Written by: Renee Foley
Typically, taxable assessed values in Pennsylvania do not change without an event occurring. These events include a county-wide reassessment, an appeal being filed, construction, or demolition. A county-wide reassessment requires special attention because the state does not have a regular reassessment schedule. Most counties in Pennsylvania go decades without reassessing property.
So, when a county finally does reassess property values, it must review every property in the county to determine whether the value and methodology measures being used are fair, equitable, and uniform. The new year of reassessment becomes the new base year, and this value will remain as the taxable assessment until the next event occurs.
Each year after the reassessment, the State’s Tax Equalization Board (STEB) reviews two-year-old, arm’s-length sales of all property types from each county. They then set equalization ratios for each county based on the average difference of sale price vs. base year assessment. These ratios are applied to the base year value and indicate current market values. These ratios cause fluctuations in the fair market value of a property each year and are used for appeal review.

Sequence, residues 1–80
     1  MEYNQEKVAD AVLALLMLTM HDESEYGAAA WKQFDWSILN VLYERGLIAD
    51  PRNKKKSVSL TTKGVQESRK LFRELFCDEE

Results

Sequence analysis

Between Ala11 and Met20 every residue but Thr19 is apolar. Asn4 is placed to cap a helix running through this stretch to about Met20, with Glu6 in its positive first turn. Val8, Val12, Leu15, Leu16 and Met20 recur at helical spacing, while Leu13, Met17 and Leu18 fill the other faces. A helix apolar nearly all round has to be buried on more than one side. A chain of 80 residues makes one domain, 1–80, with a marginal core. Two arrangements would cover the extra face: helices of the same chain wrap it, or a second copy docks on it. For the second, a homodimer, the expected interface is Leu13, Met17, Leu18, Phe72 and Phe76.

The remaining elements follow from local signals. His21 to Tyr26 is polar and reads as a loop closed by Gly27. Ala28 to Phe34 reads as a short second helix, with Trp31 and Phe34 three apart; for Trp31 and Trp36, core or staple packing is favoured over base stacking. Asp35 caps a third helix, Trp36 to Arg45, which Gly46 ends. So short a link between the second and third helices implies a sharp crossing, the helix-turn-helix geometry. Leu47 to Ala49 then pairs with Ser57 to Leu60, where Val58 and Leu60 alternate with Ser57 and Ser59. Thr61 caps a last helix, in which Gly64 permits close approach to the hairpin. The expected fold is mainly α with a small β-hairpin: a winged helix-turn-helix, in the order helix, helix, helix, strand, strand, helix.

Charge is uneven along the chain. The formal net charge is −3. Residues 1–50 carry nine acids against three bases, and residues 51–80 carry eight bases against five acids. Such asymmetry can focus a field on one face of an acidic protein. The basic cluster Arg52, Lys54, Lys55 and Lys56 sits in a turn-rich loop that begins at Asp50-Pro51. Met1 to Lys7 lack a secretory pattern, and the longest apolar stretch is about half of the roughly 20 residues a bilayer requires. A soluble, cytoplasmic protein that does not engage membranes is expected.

EXAMPLE: BEAVER COUNTY—LAST PROPERTY REASSESSMENT 1982
Beaver County intended to undergo a county-wide reassessment for tax year 2023, however, they have pushed that to tax year 2024. In March 2023, tentative preliminary notices with value changes were mailed to property owners.
From our team’s perspective, these increases are substantial and new values should be reviewed for potential over-valuation and over-taxation. Final value notices should be mailed to owners between June 1 and July 1, with a 40-day window to file an appeal. DMA’s property tax experts anticipate the new value will hold for 10 to 15 years and will be confirmed before the opportunity passes.